One of the odder - and more disturbing - sights of the pilgrimage destination of Santiago is two young and one old women kneeling with heads bent and arms out holding a placard detailing their plight. For no reason I could easily defend, I suspect all these beggars are Romanian. Possibly of the same family. Anyway, my impression is they remain motionless in one of the busy thoroughfares for the entire day. Incredible. And and almost medieval.

Which reminds me . . . As you enter Santiago at the end of the French Way, you walk between the cathedral and the magnificent university buildings and then through a short tunnel into the huge Obradoiro square in front of the cathedral's main entrance. As you pass through this, your ears are inescapably assailed by a deafening combo of loud drums and Galician gaita. Which is why I call the place The Valley of Death by Bagpipes.

And talking of things religious . . . I see Pope Francis has been called on to perform a few exorcisms early in his career. Well, I guess it's logical; if you believe in the supreme Good, you've also got to believe in the supreme Evil. Who'll want to crop up from time to time, to remind people he's still there, unvanquished.

I also see that the Catholic Church is considering canonising a young girl who was cured of an 'incurable' condition after her father had gone to a convent and prayed for her recovery with the nuns therein. So, what are we to think? That all the numerous prayed-for kids that didn't recover after copious prayers went to Hell?

I wish I could tell you where we are with the issue of whether Princess Cristina will be in the dock alongside her husband, accused of one financial crime or another. But the problem is every few days one judge reverses the opinion of another on the matter. Or sometimes his/her own previous decision. As of now, I think she's heading for the dock but who knows about next week? While we wait on events, see here and here.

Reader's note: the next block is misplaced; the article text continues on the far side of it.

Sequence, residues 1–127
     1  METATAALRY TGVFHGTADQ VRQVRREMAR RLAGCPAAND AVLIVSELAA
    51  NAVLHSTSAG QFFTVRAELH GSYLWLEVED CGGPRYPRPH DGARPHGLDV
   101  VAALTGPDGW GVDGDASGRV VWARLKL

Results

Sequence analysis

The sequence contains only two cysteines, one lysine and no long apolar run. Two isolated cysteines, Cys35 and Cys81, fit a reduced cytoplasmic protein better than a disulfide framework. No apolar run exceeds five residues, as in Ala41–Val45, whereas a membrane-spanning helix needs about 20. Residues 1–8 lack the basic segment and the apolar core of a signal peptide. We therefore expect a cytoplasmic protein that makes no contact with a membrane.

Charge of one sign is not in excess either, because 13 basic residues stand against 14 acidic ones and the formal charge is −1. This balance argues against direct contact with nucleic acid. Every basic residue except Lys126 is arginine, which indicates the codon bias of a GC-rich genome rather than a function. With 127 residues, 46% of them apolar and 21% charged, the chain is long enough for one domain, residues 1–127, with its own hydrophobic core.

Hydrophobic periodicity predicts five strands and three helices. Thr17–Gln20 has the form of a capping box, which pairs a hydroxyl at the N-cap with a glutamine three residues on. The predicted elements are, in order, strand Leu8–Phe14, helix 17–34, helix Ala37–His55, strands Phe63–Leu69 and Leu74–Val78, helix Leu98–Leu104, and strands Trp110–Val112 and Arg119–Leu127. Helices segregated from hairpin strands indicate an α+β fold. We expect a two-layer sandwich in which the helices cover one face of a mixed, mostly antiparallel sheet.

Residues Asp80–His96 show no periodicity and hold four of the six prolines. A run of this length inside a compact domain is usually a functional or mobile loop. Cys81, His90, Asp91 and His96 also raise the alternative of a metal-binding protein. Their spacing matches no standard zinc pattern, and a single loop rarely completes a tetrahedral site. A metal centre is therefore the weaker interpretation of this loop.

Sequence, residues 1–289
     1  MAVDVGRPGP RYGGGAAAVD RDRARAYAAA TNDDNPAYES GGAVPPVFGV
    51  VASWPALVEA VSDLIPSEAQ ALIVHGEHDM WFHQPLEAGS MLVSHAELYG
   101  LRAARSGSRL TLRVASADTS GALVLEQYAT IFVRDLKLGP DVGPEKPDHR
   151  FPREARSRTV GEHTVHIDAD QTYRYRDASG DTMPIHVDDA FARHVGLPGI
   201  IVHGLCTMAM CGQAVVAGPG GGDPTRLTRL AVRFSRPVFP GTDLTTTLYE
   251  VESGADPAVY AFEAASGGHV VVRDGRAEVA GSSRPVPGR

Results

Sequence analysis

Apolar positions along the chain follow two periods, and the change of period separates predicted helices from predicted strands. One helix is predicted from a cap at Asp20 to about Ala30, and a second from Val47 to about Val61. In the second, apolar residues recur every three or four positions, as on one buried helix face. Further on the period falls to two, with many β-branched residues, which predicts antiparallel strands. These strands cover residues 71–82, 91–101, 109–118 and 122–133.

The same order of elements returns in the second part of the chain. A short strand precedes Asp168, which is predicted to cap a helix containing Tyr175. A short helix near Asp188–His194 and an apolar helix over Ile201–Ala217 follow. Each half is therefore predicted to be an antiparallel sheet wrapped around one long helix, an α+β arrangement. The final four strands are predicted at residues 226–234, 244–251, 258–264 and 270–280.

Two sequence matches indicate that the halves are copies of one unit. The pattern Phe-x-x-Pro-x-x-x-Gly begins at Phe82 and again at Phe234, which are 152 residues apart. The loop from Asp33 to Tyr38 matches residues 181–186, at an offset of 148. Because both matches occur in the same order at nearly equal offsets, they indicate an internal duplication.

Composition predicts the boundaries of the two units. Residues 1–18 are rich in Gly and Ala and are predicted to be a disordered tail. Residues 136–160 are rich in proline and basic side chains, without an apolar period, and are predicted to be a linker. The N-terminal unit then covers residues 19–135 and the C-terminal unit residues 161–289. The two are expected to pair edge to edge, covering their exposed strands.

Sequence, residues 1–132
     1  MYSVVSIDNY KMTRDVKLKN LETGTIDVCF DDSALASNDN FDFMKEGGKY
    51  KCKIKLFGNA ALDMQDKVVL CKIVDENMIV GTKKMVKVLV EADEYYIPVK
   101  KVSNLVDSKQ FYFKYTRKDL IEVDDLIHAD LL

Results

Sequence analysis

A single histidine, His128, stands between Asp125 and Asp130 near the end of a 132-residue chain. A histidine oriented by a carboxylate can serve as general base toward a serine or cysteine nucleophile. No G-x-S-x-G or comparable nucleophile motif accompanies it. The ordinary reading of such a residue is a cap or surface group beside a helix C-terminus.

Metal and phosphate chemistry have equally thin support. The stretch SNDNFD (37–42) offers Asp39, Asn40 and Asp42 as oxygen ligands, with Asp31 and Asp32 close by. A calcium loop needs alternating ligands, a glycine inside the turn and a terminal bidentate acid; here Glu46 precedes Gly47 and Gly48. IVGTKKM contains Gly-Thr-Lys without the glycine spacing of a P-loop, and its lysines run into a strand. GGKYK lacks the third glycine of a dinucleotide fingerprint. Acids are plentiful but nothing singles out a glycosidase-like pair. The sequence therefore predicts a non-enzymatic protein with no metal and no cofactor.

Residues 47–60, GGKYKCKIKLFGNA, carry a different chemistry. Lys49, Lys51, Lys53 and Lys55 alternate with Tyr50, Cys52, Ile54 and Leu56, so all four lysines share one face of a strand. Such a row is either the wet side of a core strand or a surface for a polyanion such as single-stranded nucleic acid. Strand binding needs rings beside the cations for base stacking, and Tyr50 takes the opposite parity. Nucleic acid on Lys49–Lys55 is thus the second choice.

A new bit of Spanglish? Reports on the events in Woolwich have thrown up the word cúter, which turns out to mean both a Stanley knife and a 'cutter/sloop'.

Finally . . . For those who want to see more of Galicia from their armchair, here's a site which offers virtual tours of various cities (including Pontevedra) and of the several Caminos de Santiago which enter Galicia from all points of the compass. HT to my Ferrol friend Richard for this.

Tuesday, May 28, 2013

70% of Spanish parents don't want Religion (i. e. Catholicism) included as a subject which counts towards students' university entrance mark. This is more than one would have expected, especially when María and José (Joseph) remain the most popular forenames in the country. But the current administration is pretty right-of-centre and beholden to the RC Church. So the electorate can probably go hang. But it'll all be reversed when the the Socialist PSOE returns to power.

Talking of the Faith . . . Some late-night TV viewing last week taught me that you can now buy an electronic rosary that gives you John Paul II, telling his beads along with you. Whether this makes your prayers more acceptable to God, I wouldn't know. But I do know that fleecing the faithful remains as popular as ever, as the gadget will set you back 50 euros.